**Angles** are a part of a plane, a flat endless surface, enclosed by two rays. They are measured in **degrees** which are denoted by $^{\circ}$. Minutes and seconds are smaller units of measure, $1^{\circ}$ equals $60’$ (minutes) and $3600”$ (seconds), furthermore one minute equals 60 seconds, $ 1’= 60”$.

An angle has three parts: a vertex and two rays, sometimes reffered to as arms.

We say that angles are **congruent **if they have the same measure.

Angles are divided into six groups based on their measure – acute, right, obtuse, straight, reflex and a full rotation angles.

**Acute angles** have a measure less than $\ 90^{\circ}$.

Angles with a measure exactly $\ 90^{\circ}$ are called **right angles.**

**Obtuse angles** have a measure greater than $\ 90^{\circ}$ but less than $\ 180^{\circ}$.

Angles with a measure exactly $\ 180^{\circ}$ are called **straight angles**. Their arms make a straight line.

**Reflex angle** has more than $\ 180^{\circ}$ and less than $\ 360^{\circ}$.

**Full rotation** always has exactly $\ 360^{\circ}$.

Angles can also be measured in radians, where $90^{\circ}$ equals $\pi/2$, $180^{\circ}$ equals $\pi$ , and $360^{\circ}$ equals $ 2\pi$.

Pair of angles:

**adjacent angles****a linear pair****vertical angles****complementary angles**if two angles sum to $90^{\circ}$**suplementary angles**if two angles sum to $ 180^{\circ}$**explementary angles**if two angles sum to $ 360^{\circ}$

**Adjacent angles**

Adjacent angles are two angles that share a common vertex, a common side, but they do not overlap (they don’t have common interior).

$\alpha$ and $\beta$ are adjacent angles. They have a common vertex $A$ and a common side $AB$.

$\gamma$ and $\alpha$ are **NOT** adjacent angles because $\gamma$ overlaps $\alpha$ (same for $\gamma$ and $\beta$)

**REMEMBER: **for $2$ angles to be adjacent they have to have common both vertex and a side, angles who share a common vertex but don’t have common a side are not adjacent!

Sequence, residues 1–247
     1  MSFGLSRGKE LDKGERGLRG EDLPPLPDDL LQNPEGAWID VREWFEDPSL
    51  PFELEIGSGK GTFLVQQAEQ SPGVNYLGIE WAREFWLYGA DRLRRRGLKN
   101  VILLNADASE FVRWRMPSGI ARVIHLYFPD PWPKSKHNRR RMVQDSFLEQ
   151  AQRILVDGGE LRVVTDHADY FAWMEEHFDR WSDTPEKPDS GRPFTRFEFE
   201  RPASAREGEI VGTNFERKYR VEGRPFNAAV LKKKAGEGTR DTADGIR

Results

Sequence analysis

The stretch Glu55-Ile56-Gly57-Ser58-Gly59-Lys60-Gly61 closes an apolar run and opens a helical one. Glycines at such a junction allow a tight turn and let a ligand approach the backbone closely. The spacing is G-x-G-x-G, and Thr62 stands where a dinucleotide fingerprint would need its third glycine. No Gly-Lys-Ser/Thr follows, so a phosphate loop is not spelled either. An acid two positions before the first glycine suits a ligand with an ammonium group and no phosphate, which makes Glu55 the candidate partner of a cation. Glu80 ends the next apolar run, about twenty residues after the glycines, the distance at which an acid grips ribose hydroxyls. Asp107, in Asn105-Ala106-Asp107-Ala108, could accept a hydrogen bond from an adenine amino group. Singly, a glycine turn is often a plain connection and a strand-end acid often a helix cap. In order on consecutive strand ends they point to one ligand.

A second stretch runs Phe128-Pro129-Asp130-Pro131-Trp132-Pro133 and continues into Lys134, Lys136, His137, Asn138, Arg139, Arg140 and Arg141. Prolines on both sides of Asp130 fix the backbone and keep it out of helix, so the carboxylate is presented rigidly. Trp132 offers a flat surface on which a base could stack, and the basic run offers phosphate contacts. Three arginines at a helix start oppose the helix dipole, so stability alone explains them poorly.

On this last image, $\alpha$ and $\beta$ are **not** adjacent angles, because they only have a common vertex.

#### Linear pair

A linear pair are two adjacent angles whose non-common sides form on opposite ray (the non common sides lie on the same line).

Angles $\alpha$ and $\beta$ form a linear pair.

We can see that $\alpha + \beta =116.57^{\circ}+63.43^{\circ} = 180^{\circ}$, meaning that linear pair always forms a straight angle which is $180^{\circ}$.

If two congruent angles form a linear pair, the angles are right angles.

#### Vertical angles

Vertical angles are a pair of opposite angles formed by intersecting lines.

On the image we can see two pairs of vertical angles: $\alpha$ and $\alpha^{‘}$, $\beta$ and $\beta^{‘}$. Vertical angles are always equal in measure.

However, vertical angles are **not** adjacent: $\alpha$ and $\beta$ are not vertical angles, they are a linear pair.

#### Complementary angles

Two angles that add up to $90^{\circ}$.

To be complementary, angles don’t have to be adjacent. As we can see, $$\alpha + \alpha^{‘} = 55^{\circ} + 35^{\circ} = 90^{\circ} $$and they are complementary just like $\beta$ and $\beta^{‘}$.

**Supplementary angles**

Two angles whose measures sum to $180^{\circ}$.

To be supplementary, angles don’t have to be adjacent. As we can see, $$\alpha + \alpha^{‘} = 45^{\circ} + 135^{\circ} = 180^{\circ} $$and they are supplementary just like $\beta$ and $\beta^{‘}$.

A linear pair is always supplementary .

**Complementary or supplementary? How to remember which is which?**